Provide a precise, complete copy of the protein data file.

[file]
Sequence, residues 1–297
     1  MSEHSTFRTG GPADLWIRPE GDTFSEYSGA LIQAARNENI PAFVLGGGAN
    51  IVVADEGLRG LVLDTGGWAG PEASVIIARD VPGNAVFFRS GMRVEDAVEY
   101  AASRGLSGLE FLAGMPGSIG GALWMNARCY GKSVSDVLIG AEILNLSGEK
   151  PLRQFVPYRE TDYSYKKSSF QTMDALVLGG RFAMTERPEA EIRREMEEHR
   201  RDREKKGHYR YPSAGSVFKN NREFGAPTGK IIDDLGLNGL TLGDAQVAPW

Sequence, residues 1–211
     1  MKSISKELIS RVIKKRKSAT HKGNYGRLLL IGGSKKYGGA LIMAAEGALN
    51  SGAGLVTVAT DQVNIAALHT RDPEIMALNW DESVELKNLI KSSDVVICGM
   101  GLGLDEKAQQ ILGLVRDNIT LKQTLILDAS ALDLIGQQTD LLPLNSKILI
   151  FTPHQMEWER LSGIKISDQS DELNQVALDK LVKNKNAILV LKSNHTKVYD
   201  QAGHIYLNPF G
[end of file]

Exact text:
Sequence, residues 1–297
     1  MSEHSTFRTG GPADLWIRPE GDTFSEYSGA LIQAARNENI PAFVLGGGAN
    51  IVVADEGLRG LVLDTGGWAG PEASVIIARD VPGNAVFFRS GMRVEDAVEY
   101  AASRGLSGLE FLAGMPGSIG GALWMNARCY GKSVSDVLIG AEILNLSGEK
   151  PLRQFVPYRE TDYSYKKSSF QTMDALVLGG RFAMTERPEA EIRREMEEHR
   201  RDREKKGHYR YPSAGSVFKN NREFGAPTGK IIDDLGLNGL TLGDAQVAPW

Sequence, residues 1–211
     1  MKSISKELIS RVIKKRKSAT HKGNYGRLLL IGGSKKYGGA LIMAAEGALN
    51  SGAGLVTVAT DQVNIAALHT RDPEIMALNW DESVELKNLI KSSDVVICGM
   101  GLGLDEKAQQ ILGLVRDNIT LKQTLILDAS ALDLIGQQTD LLPLNSKILI
   151  FTPHQMEWER LSGIKISDQS DELNQVALDK LVKNKNAILV LKSNHTKVYD
   201  QAGHIYLNPF G